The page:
Published in The Financial Express on Monday, 18 May 2015.
Fortune seekers go for perilous sea journeys
Poor outcome of official job exploration abroad blamed
Fortune seekers were undertaking perilous sea journeys for jobs abroad as the manpower markets in Middle East and Asia could not be explored effectively by the authorities, experts and sector-insiders have said.
The experts said a poor outcome of official overseas-job exploration over the last five-six years, coupled with Rohingya influx from Myanmar, led to the current debacle.
They observed the government to government (G-to-G) arrangement with Malaysia did not yield any tangible progress in increasing the manpower export to the newly-industrialised ASEAN country.
According to official data, only 9,000 Bangladeshis got jobs in Malaysia through the official channel after the G to G deal signed in 2012. But thousands of people travelled there illegally by undertaking perilous journey through the sea routes during the period.
The United Nations High Commissioner for Refugees (UNHCR) found that between 2012 and June 2014 more than 87,000 people travelled to Malaysia by trawler.
Its report also says an estimated 25,000 Rohingyas and Bangladeshis boarded smugglers’ boats to undertake the risky rides in the first three months of this year.
And a report of the Refugee and Migratory Movements Research Unit (RMMRU) showed nearly 20,000 Bangladeshis travelled through sea routes only from Sirajganj district between 2013 and 2014.
Khandoker Golam Moazzem, additional research director at the Centre for Policy Dialogue (CPD), pointed out the factors in which the problem was spawned.
Lower overseas employment, high migration cost in Middle East, internal unemployment and poor vigilance in coastal areas were working behind the human trafficking, he says.
The policy analyst noted that for the last few years there had been hardly any investment in the country.
“So job opportunities cannot increase compared to the rate of unemployment,” he said.
BMET data shows about 475,278 Bangladeshis got jobs abroad in 2009 while 390,702 in 2010, 568,062 in 2011, 607,798 in 2012, some 409,253 in 2013 and 425,684 in 2014.
The official data also shows that 131,400 people went to Malaysia with jobs in 2008, but the number drastically declined to 5,134 in 2014. And about 132,000 Bangladeshis went to Saudi Arabia in 2008 while the number dropped to only 10,670 in 2014.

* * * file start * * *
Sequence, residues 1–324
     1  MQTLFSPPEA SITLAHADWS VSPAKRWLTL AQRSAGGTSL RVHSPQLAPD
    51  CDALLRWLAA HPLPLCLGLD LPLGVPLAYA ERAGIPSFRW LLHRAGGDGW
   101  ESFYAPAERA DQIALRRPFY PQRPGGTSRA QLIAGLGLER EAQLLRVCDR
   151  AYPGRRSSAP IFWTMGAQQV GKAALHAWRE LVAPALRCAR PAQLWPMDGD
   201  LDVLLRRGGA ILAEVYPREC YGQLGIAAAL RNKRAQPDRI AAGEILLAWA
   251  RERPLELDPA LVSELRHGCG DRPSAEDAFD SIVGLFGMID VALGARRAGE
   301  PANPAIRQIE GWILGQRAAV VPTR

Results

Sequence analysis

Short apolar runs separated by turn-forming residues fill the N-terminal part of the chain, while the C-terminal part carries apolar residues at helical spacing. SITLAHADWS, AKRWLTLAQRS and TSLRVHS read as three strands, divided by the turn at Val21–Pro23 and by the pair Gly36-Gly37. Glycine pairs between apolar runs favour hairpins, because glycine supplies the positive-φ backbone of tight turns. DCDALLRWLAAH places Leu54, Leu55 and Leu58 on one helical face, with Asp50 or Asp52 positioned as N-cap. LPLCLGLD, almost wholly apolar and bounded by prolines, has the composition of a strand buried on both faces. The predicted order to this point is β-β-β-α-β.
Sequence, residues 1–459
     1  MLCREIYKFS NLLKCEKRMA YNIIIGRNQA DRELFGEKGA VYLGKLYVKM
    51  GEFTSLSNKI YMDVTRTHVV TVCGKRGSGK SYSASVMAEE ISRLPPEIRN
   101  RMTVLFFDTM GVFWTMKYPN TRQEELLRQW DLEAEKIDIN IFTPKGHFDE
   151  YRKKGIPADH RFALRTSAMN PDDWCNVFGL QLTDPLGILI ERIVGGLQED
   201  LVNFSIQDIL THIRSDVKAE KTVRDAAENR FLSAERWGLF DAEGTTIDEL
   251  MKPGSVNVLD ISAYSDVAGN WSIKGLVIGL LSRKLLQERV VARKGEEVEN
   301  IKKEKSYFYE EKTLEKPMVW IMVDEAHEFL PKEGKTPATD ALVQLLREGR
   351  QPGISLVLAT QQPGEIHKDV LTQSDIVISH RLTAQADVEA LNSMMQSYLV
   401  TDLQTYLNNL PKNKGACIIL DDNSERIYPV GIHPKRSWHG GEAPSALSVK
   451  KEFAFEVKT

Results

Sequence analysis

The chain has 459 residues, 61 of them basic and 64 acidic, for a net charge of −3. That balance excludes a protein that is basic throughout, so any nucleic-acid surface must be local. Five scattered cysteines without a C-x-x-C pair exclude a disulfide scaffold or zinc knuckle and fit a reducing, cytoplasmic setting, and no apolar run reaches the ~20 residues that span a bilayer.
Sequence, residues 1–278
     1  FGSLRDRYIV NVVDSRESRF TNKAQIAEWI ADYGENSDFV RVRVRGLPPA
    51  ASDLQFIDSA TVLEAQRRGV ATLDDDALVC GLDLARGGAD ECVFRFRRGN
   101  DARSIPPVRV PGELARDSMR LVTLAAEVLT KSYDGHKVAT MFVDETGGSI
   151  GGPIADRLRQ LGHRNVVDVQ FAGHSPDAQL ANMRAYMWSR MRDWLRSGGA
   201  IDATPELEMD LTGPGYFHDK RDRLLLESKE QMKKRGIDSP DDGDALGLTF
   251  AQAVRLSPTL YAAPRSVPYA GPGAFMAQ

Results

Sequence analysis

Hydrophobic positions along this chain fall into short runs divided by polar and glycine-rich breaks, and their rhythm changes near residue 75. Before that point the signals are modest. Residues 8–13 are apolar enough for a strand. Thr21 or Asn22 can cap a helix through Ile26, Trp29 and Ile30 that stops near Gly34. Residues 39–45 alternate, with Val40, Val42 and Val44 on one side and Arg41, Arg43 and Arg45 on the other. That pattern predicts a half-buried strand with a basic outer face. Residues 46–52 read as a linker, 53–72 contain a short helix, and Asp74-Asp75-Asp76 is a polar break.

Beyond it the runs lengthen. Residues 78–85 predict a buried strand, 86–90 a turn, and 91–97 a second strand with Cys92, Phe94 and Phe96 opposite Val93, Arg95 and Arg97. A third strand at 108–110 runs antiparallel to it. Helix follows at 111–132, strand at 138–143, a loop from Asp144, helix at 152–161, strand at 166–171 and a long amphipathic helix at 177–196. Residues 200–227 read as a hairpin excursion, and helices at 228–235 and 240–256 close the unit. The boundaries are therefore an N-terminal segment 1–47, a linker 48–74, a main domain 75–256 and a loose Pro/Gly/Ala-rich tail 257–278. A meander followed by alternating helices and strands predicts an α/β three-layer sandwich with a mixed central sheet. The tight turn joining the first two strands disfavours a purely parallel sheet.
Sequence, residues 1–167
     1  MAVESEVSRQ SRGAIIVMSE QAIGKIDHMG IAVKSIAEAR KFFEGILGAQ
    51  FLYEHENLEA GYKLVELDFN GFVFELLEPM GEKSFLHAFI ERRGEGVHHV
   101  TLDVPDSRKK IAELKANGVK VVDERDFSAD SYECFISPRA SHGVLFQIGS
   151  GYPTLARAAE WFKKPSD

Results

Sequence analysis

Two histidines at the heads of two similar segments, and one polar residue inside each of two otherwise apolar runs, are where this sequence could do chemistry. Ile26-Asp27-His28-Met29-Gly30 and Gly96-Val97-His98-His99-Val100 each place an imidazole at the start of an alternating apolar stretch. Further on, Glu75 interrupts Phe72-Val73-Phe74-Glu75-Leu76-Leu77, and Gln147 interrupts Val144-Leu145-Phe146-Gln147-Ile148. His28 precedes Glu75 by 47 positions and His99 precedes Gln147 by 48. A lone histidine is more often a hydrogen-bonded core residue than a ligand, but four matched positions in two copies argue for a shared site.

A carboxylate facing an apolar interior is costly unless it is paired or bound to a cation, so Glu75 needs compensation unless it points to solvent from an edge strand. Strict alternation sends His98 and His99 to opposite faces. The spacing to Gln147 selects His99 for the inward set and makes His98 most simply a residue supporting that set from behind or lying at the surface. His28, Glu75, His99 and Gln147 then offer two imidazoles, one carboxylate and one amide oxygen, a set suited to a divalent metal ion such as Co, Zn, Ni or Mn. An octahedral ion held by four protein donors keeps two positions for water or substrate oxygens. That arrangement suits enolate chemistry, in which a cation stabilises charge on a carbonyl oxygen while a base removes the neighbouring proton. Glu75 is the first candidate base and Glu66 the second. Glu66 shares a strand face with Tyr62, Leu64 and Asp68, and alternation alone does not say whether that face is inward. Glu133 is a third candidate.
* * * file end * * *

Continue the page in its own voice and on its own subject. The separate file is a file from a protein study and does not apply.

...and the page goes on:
The situation is almost same for the other key overseas job destinations, like Kuwait, Qatar, Bahrain and the United Arab Emirates.
Nearly 2.0 million fresh faces enter job market in Bangladesh each year. But it is yet to create adequate employment opportunities for them.
As per Bangladesh Labour Force Survey 2013, the country’s total labour force stood at 60.07 million (6.007 crore), up from 56.7 million recorded three years back. The total unemployed stood at 2.58 million (2,580,000) in 2013.
RMMRU chair Tasneem Siddiqui said because of the slow move under the G-to-G arrangement Bangladesh was unable to tap the job opportunities in Malaysia. Besides, the government failed to explore markets in the Middle East also.
“If they could enter those markets properly, the situation would not be so terrible,” she said.
The RMMRU chair also said the government-to-government arrangement failed to make any notable progress–it was now time to review it.
Bangladesh Association of International Recruiting Agencies (BAIRA) president Mohammad Abul Bashar said the number of overseas jobs declined in the last few years. Middlemen and traffickers were taking the advantage of the situation.
“The government should take diplomatic initiatives to create more jobs in Malaysia and Middle East countries also.”
But Expatriates’ Welfare and Overseas Employment (EWOE) Minister Khandker Mosharraf Hossain said overseas employment increased significantly compared to that under the BNP-led government.
“Through G-to-G arrangement the number of jobs will increase in future,” he expressed his hope.
About 9.0 million Bangladeshis are now working in 169 countries. Of them, only about 20 countries have absorbed the bulk of the overseas Bangladeshi workers.